What is the visual system, and how might difficulties with visual processing contribute to my child’s areas of difficulty?

Our visual system enables us to see and to make sense of what we are seeing. From the architecture of the eye to the neural connections within the brain, the visual system is wonderfully complex! As a result there are several types of professionals concerned with understanding and helping with different elements of vision and visual processing:

  • Ophthalmologists are medical doctors who have completed additional specialist training in the diagnosis and management of disorders of the eye and visual system
  • Optometrists examine the eyes and prescribe and fit glasses or contact lenses to remediate impairments of visual acuity
  • Orthoptists are allied health professionals trained to diagnose and manage disorders of eye movements and associated vision problems, as well as to perform investigative testing of eye diseases

When it comes to children’s vision, where do occupational therapists fit in?

Occupational therapists are allied health professionals whose role is to support children’s development so they can participate in all of life’s daily activities. Part of the therapist’s role is understanding a child’s skills, including their ability to process and respond to the sensory inputs they receive. Visual information is a sensory input and an occupational therapist will consider how visual processing impacts on a child’s participation in daily activities. Questions a therapist may consider include:

  • Does a child attend more to visual inputs, becoming easily distracted or overwhelmed by them?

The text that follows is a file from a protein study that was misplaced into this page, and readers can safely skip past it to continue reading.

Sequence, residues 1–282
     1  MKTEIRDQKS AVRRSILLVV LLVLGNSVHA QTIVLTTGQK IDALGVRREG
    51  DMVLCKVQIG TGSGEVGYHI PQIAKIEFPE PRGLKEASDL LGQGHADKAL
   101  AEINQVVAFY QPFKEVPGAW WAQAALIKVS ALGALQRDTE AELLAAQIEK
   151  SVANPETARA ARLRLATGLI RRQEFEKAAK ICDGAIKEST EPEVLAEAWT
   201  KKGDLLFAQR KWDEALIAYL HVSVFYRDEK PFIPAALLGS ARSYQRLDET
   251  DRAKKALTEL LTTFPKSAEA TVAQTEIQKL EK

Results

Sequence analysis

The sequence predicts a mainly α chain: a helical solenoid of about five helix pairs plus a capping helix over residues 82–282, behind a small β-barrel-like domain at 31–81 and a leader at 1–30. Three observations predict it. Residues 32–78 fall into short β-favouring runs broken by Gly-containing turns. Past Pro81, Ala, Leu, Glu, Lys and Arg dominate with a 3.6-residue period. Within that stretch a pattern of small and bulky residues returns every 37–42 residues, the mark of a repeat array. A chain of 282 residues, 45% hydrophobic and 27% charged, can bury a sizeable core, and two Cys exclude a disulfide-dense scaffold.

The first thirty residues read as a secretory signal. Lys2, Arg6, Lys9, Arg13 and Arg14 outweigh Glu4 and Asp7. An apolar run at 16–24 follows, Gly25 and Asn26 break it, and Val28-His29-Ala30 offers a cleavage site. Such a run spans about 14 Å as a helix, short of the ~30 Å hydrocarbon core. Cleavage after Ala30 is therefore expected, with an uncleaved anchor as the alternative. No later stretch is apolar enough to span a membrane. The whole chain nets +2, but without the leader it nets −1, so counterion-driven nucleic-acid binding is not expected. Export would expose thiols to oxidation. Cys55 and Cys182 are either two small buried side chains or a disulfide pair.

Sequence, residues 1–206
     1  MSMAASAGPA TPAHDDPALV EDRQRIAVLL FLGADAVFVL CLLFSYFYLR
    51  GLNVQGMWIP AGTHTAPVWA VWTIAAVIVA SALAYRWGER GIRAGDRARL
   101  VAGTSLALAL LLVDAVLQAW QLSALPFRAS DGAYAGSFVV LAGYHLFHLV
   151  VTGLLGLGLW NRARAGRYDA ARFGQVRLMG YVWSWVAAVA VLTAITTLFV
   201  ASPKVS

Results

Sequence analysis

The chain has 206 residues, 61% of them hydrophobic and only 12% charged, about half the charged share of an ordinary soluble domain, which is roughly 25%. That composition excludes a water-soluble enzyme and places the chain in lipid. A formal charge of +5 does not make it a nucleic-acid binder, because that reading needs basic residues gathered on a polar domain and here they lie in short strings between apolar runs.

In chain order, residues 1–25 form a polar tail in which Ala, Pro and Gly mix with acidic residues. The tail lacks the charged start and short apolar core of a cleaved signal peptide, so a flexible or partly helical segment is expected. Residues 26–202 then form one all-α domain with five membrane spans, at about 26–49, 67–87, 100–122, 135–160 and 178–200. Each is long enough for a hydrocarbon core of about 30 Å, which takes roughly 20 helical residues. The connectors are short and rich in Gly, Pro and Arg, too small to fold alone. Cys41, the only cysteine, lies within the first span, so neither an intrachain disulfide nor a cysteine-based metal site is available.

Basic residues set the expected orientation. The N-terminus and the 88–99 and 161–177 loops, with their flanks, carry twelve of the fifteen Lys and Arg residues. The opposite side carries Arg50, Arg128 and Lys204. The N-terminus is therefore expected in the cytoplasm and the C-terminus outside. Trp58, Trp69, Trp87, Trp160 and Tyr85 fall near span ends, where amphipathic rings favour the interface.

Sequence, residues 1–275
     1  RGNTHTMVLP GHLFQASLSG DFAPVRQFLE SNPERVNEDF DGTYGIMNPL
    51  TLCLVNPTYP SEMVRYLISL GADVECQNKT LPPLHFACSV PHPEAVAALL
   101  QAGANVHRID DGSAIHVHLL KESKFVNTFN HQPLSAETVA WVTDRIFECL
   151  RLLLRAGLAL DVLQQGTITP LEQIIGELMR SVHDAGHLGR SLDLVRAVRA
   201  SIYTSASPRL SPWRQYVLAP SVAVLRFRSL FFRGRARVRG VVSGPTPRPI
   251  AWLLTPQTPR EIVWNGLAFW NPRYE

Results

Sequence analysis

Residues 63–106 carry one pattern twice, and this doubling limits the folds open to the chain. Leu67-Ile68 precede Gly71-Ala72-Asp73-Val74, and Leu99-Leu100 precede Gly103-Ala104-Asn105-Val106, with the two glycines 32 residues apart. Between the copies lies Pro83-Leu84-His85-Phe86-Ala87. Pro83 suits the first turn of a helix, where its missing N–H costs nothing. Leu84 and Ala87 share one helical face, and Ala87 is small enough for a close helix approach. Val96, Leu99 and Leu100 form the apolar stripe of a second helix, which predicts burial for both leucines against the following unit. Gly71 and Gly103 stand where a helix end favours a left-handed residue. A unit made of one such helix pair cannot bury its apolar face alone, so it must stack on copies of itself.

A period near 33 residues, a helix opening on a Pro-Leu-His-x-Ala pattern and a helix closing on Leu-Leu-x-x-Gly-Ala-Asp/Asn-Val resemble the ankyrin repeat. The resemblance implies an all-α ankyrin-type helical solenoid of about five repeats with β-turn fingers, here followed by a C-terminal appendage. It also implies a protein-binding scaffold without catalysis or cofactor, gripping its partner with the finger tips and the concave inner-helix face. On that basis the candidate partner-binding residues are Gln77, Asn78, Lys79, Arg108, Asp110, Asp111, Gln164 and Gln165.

• Does a child miss or misinterpret visual information?
  • Is eye contact a challenge that impacts upon relating to others and picking up on social cues?
  • Do difficulties with body awareness or movement impact upon visual tracking and visual referencing?
  • Could visual perceptual difficulties be impacting on learning to read, or finding belongings?

Observations, assessments and interviews are used by occupational therapists to understand how a child is responding to and processing visual inputs, and to form a plan of how best to help a child with any visual processing challenges.

What if my child seems to miss visual input?

If your child seems to miss visual input it may be that they are not using their eyes to scan the environment well, or that they are having difficulty moving and adjusting their eyes to follow or focus on visual inputs. However it may relate more to attention skills – children with more impulsivity or busy thoughts can act fast and miss visual cues in the process, while children who are hyper-focused on specific activities seem to tune out other inputs.

Some children have difficulty with sensory modulation, struggling to work out what stimuli to attend to and challenged with filtering out important from unimportant inputs. This can make it hard to focus on a particular input and as a result a child may appear distracted, disoriented or overwhelmed.

There are strategies that can help children who may have been missing visual input. These include using cues to draw attention to important visual information, reducing extra visual clutter in an environment and gaining a child’s attention before providing an instruction or a visual direction.

What if my child seems sensitive to visual input?

Some children are more sensitive to visual input in which case a little input feels like a lot. Bright light can be overwhelming, as can busy visual environments.

There are steps you can take to help ease the experience of a child with greater visual sensitivity. These include accommodations such as giving them sunglasses, using dimmer switch lighting, providing a hat with a brim for them to wear in busy places to block out some of the visual stimuli and keeping the home environment or classroom uncluttered.

My child really struggles to make eye contact with others. Is this a problem?

Eye contact is valued in our society. Most of us are taught that it is respectful to look someone in their eyes when we say hello, and that it shows a person that we are listening to them.